Korley also raises a procedural argument regarding the Searses' proofs of claim. Korley argues that the Searses' proofs of claim did not include an “itemized” statement of interest, as required by Federal Rule of Bankruptcy Procedure 3001(c)(2)(A) and Official Form 10. Rule 3001(f) provides that a proof of claim that is executed and filed in accordance with the rules is prima facie evidence of the validity and amount of the claim. Korley contends that the Searses' proofs of claim did not comply with the rules, and that the bankruptcy court thus erred in treating the them as prima facie evidence of validity and amount.
A claimant's failure to comply with Rule 3001(c)(2)(A) or Official Form 10, however, is not by itself a reason to disallow a claim. Section 502(b) enumerates the grounds on which a proof of claim may be disallowed, and non-compliance with Rule 3001 is not one of them. The bankruptcy court has authority to sanction a creditor who fails to submit supporting information as directed by the rules of procedure. Fed. R. Bankr. P. 3001(c)(2)(D). But a failure to itemize interest in accordance with the rules means only that the proof of claim is not prima facie evidence of the claim's validity and amount. Accord In re Dove-Nation, 318 B.R. 147, 152 (B.A.P. 8th Cir. 2004); In re Brunson, 486 B.R. 759, 769-70, 772-73 (Bankr. N.D. Tex. 2013); In re MacFarland, 462 B.R. 857, 879-81 (Bankr. S.D. Fla. 2011).
The bankruptcy court treated the proofs of claim as prima facie evidence of validity, but even assuming for the sake of analysis that they were not entitled to that status, we may affirm the judgment on any ground supported by the record. Holt v. Howard, 806 F.3d 1129, 1132 (8th Cir. 2015). Even a claim that lacks prima facie evidence of validity under Rule 3001(f) can present at least some evidence of a demand for payment from the bankruptcy estate. See Dove-Nation, 318 B.R. at 152. Here, the creditors supported their proofs of claim with attached exhibits that documented Korley's debt, although arguably not precisely in the manner contemplated by the rules. In that situation, a debtor must “assert a substantive basis for disallowance expressly stated in § 502 and come forward with some evidence to disallow the claim for that reason.” Brunson, 486 B.R. at 769. For example, the debtor might submit a signed affidavit averring that the claim was not owed or that the debt had been satisfied. See In re Muller, 479 B.R. 508, 514 (Bankr. W.D. Ark. 2012).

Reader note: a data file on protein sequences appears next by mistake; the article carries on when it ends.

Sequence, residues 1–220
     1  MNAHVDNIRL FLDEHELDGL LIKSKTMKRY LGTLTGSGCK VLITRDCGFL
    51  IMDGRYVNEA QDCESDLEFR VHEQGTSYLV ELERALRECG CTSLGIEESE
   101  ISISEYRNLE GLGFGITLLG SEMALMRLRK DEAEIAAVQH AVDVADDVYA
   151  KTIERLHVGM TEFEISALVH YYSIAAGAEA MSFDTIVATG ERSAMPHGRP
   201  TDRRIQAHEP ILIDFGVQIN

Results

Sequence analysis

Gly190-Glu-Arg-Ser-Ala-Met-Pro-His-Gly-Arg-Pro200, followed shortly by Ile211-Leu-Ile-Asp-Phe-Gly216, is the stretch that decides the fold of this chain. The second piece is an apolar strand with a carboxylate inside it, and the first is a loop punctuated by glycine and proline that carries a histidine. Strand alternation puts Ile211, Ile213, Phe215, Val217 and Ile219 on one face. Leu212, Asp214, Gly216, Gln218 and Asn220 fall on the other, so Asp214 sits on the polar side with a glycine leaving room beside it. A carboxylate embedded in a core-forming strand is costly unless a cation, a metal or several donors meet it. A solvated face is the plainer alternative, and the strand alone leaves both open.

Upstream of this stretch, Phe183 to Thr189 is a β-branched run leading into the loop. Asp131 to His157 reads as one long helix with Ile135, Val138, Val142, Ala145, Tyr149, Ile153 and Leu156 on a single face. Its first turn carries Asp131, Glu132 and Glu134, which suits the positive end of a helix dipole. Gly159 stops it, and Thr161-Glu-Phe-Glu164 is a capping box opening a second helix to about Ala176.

Korley did not mount that sort of defense, and his stated objections lacked merit: he advanced no persuasive argument that the Searses' claims should be disallowed under any of the § 502(b) exceptions. Nor does he contend that the amounts asserted in the proofs of claim are incorrect. The bankruptcy court thus did not err in allowing the Searses' claims despite a potential shortcoming in the itemization of interest.
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The judgment of the bankruptcy court is affirmed.
1. The Honorable Richard G. Kopf, United States District Judge for the District of Nebraska.
2. The Honorable Thomas L. Saladino, Chief United States Bankruptcy Judge for the District of Nebraska.
COLLOTON, Circuit Judge.